Many grandparents want to help their grandchildren achieve their dreams of college. Unfortunately, how grandparents save or offer assistance can unintentionally reduce a student’s eligibility for financial aid. Knowing some of the rules in advance will ensure that a grandparent’s good intentions are fulfilled without penalizing the student.
If you are a grandparent (or soon to be one) here are a few things to consider when planning to help save for college.
Use these holiday hints to increase college savings and by this time next year, you’ll be proud of your accomplishments. (…and don’t forget to clue in grandparents and other relatives to get a bigger bang for your buck!)
When people buy things, they know the price and act accordingly. For inexpensive stuff, Apple-pay, a debit card or cash is offered without much analysis. With increasingly more expensive items, such as a TV, a car, or a house, consumers research. They consider options and shop around to determine what is affordable and how to pay the bill.
Calculating a precise Return on Investment (ROI) on a college degree is less important than taking actions which will result in better returns. We can put the calculator away and think simply about how to increase the Return on Investment (“ROI”) for education.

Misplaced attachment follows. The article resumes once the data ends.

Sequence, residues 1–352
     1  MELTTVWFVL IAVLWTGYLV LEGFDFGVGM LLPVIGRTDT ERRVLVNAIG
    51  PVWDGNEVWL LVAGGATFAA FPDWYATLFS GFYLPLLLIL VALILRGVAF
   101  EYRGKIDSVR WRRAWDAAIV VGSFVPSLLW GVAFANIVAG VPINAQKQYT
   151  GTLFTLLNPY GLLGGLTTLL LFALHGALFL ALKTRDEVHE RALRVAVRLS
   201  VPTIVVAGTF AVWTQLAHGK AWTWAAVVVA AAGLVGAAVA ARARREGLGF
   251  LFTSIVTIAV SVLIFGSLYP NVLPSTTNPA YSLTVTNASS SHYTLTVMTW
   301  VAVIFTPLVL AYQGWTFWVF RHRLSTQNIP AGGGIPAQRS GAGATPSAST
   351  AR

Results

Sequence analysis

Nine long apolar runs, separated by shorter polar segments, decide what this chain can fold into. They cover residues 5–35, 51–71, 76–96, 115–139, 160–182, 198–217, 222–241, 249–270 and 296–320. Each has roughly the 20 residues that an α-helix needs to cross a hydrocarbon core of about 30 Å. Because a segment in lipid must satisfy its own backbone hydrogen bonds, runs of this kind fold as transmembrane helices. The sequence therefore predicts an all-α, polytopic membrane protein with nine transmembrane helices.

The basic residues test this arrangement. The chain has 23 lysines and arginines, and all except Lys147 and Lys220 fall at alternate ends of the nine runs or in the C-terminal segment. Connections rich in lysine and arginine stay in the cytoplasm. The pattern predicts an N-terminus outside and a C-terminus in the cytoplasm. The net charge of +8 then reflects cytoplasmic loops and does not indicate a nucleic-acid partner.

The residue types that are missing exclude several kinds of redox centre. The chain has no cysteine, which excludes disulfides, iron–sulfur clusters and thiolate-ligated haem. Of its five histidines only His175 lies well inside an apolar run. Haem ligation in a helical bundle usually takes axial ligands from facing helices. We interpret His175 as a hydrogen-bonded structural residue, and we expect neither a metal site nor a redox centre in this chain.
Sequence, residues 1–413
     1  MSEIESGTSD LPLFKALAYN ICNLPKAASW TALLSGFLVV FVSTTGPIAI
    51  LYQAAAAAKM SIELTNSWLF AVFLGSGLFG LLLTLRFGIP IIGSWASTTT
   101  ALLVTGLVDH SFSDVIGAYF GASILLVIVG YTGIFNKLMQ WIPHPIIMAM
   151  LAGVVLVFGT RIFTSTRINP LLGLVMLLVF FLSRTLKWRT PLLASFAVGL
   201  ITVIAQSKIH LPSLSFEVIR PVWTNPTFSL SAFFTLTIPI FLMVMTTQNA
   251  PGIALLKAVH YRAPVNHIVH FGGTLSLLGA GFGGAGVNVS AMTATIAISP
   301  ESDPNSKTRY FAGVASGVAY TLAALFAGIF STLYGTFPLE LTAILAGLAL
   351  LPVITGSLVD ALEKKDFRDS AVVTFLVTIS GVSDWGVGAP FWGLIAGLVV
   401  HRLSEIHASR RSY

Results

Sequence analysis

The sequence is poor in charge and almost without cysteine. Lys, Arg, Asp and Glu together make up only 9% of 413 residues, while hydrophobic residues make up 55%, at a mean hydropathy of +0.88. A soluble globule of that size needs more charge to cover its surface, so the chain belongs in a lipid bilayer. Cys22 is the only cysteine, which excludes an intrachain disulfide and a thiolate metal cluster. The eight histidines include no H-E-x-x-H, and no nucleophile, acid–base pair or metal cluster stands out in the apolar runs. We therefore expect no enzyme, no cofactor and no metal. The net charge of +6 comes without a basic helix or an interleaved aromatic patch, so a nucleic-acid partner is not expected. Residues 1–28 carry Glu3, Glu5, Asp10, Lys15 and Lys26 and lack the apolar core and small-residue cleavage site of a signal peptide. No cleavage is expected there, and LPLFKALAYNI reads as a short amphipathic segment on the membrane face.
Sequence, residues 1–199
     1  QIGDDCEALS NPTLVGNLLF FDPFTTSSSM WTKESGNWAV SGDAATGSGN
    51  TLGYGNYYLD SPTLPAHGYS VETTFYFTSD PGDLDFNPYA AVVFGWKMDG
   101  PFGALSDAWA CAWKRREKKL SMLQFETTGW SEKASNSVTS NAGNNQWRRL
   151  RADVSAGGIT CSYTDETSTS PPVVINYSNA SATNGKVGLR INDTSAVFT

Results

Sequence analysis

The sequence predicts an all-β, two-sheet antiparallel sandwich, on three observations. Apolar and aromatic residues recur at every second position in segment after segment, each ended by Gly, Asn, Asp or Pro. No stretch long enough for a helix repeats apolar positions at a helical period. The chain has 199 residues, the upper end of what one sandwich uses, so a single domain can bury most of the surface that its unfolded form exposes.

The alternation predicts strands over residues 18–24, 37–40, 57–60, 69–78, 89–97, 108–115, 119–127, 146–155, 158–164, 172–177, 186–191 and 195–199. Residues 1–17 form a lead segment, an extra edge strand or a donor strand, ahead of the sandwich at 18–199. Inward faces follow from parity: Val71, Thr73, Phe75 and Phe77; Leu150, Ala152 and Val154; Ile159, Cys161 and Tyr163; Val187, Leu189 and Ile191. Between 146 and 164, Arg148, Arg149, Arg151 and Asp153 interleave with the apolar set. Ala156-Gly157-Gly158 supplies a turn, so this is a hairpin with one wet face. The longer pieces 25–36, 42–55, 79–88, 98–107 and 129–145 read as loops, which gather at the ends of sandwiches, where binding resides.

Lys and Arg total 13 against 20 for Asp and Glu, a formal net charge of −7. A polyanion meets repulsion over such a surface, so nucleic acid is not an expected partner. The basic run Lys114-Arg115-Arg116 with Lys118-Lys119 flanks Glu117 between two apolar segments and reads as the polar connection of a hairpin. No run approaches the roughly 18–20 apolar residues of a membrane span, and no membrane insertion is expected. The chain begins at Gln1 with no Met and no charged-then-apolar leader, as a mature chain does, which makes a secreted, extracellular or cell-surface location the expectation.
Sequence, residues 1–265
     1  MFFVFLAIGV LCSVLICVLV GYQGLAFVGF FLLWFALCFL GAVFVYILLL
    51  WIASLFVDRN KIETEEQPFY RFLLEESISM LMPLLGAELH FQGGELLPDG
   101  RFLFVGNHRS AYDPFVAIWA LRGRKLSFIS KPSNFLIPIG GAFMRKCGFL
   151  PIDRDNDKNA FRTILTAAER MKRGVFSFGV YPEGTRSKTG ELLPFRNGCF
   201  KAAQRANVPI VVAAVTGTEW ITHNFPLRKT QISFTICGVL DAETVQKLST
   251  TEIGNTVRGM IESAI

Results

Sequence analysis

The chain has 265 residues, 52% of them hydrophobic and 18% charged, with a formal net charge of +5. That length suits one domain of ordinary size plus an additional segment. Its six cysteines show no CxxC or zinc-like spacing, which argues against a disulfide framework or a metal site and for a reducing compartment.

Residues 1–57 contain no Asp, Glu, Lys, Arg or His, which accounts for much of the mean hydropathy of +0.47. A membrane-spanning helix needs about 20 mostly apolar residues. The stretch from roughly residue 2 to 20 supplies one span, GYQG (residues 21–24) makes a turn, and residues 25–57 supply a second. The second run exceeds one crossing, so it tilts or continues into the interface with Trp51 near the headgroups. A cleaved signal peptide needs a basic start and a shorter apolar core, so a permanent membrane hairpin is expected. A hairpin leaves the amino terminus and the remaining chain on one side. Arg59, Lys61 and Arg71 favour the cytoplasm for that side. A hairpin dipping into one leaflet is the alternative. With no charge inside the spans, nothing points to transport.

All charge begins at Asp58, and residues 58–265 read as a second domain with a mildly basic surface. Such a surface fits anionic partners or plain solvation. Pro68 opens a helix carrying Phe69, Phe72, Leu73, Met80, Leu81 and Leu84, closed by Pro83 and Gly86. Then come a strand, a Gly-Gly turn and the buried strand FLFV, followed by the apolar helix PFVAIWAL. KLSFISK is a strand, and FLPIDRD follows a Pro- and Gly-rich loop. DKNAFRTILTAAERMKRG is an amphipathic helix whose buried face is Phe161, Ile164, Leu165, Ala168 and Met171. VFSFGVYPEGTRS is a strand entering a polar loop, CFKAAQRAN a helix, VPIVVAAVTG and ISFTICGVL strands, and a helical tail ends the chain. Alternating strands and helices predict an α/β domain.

On October 1, the Free Application for Federal Student Aid (“FAFSA”) will be available for high school seniors and college students enrolling for Academic Year 2021-22. You read that right. With students just starting a new school year, the kick-off for next year’s financial aid process is a few short weeks away.
Picking a student loan that meets your needs requires an understanding of some basic concepts. Student Loan Basics empowers you with information to make informed choices to borrow for college and manage the debt after college.
This article explains the important differences between consolidating and refinancing student loans.
Selecting a college has long been a stressful process for high school seniors and their families. The Class of 2021 also has the added stress of applying during the pandemic. It may sound a little strange, but high school seniors may be able to use the disruption to their advantage.
Here are three tips to encourage students to think outside the box and make a great college choice.